Around the world, regulators are considering ways to encourage traditional players to ‘open up’ customer data, to stimulate competition and standardise security protocols. While legislation is already on the way in some parts of the world, regulation alone cannot ensure the successful implementation of an open architecture framework in banking and finance.
Open APIs (Application Programme Interfaces) have already changed our day-to-day lives. When you jump in an Uber and connect your Spotify account, or search for a restaurant on Yelp and get directions from Google Maps, you’re using an API. Banking applications are somewhat more complex, but even more impactful.
In addition to increasing competition and improving safety and security online, open APIs in banking have the potential to provide us with a more holistic view of our finances, empowering consumers and SMEs to make more informed decisions. After all, who knows better than your bank if you’re overpaying a bill, or spending more than your peers on your internet package.
For an open architecture framework to become the norm in banking and finance, three moving parts must work together to build a cohesive infrastructure. Let’s dive in…
We recently attended a discussion led by The World Economic Forum in London where potential ‘open banking’ scenarios were explored. One such scenario was the possibility that The Revised Payment Services Directive (PSD2) will encourage regulators around the world to accelerate the process of ‘opening up’ banking data, leading to the global adoption of open APIs.
We can see regulatory rumblings around the world. For example, The Competition and Markets Authority’s ‘Open banking Remedy’ in the UK covers similar terrain as PSD2. In Australia, the government recently asked its Productivity Commission to examine the role of open APIs in facilitating data sharing between banks and third parties and imposed aggressive timelines to create a binding framework.
The future of open banking in the US is not so bright. Legislation is not on the immediate agenda and it’s not yet clear if lobby groups like The Consumer Financial Protection Bureau (CFPB) will lead the charge. The consensus is that its current political landscape is not particularly conducive to the open architecture framework which will underpin PSD2 in Europe.
Although regulation has an important role to play in the next iteration of the digital transformation of banking, it can’t do it alone. The industry must also be on board.
As the name implies, for ‘open banking’ to work, the banks need to be on board. Independent financial commentator, Chris Skinner recently commented that “the banks are scared.”
A recent study by PWC paints a similar picture, finding 68 per cent of bankers fear PSD2 will result in the loss of customer interactions.
Despite some initial trepidation, the advent of open APIs in banking puts traditional players in the unique position to provide more innovative services to their clients, widen the scope of their distribution strategies and standardise security protocols to mitigate risk.
We have already seen some traditional players embracing open architecture frameworks before they are legally required to do so. Spanish bank BBVA has created an open API platform and appointed Shamir Karkal, a former co-founder and CFO of Simple, to lead the API business unit. In addition, Nordic bank Nordea recently announced an open banking site for external developers to experiment with open banking APIs. Other players will wait for the full picture to emerge, still unsure of what the technical requirements will be.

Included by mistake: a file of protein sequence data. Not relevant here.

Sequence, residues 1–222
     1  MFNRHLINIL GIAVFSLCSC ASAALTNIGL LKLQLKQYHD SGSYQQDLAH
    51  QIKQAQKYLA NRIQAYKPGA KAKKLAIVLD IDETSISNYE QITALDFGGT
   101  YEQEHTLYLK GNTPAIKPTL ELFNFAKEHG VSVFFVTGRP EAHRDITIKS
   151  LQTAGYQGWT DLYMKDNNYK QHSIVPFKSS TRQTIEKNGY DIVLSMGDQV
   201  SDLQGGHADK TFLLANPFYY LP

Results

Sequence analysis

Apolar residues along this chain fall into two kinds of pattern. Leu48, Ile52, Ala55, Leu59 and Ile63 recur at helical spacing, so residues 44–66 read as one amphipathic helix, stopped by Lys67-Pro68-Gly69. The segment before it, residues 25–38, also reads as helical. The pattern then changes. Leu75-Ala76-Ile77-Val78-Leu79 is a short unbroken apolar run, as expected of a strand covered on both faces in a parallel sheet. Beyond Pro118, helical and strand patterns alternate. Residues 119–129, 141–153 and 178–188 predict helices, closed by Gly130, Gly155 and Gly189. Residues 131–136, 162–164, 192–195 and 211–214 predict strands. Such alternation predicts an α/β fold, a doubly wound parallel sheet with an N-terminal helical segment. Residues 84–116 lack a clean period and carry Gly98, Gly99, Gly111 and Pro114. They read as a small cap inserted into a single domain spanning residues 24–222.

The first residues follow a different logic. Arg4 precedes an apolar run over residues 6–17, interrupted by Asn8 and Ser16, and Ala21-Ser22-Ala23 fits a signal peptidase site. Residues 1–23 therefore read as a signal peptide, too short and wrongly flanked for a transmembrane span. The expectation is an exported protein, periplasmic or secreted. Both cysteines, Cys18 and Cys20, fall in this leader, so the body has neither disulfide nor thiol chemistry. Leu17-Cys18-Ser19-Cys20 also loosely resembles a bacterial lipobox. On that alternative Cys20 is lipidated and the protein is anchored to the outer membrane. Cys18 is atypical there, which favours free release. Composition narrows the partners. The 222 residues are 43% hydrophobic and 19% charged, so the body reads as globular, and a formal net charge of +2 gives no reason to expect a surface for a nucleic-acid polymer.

In any case, the traditional players will retain the all-important customer data, and as such, have no reason to be “scared”.
Research shows new propositions based on open banking are likely to be quite attractive to consumers, despite a general lack of awareness and understanding of what it means.
A study by credit referencing agency Equifax found 90 per cent of British citizens polled had not heard of the open banking initiative. Furthermore, a recent study by Ipsos Mori for Barclays showed that almost 40 per cent of consumers would be happy to share their data to receive personal financial management services. This number is even higher among 18-24-year- olds. At Spotcap, we have also seen this willingness first hand. SMEs are willing to share their banking transaction data in exchange for the simple and efficient processing of their loan application.
An open architecture framework in banking is also set to change the way we make payments. Consumers have had more than 50 years to become accustomed to paying by card, and have developed an innate sense of personal protection over them. Before we can make the colossal shift from plastic to digital we need to establish a similar level of trust in banking APIs as we have in our cards.
Although global regulation is unlikely, PSD2 will set the precedent and provide a starting point for regulators around the world. Industry commitment and trust are also crucial to the successful implementation of an open architecture framework in banking. We look forward to watching it all unfold.
This article originally appeared on Finextra.
Jens holds a degree in industrial engineering from the Technical University of Berlin and studied economics at Cass Business School. He worked as a consultant for McKinsey & Company for more than five years, where he focused on the commercial banking sector. Working for major European banks, Jens experienced the outdated approach these banks took towards working with SMEs. He co-founded Spotcap after seeing an opportunity in the industry: to use technology to change the SME banking landscape.
Originally published July 3 2017 , updated January 22 2020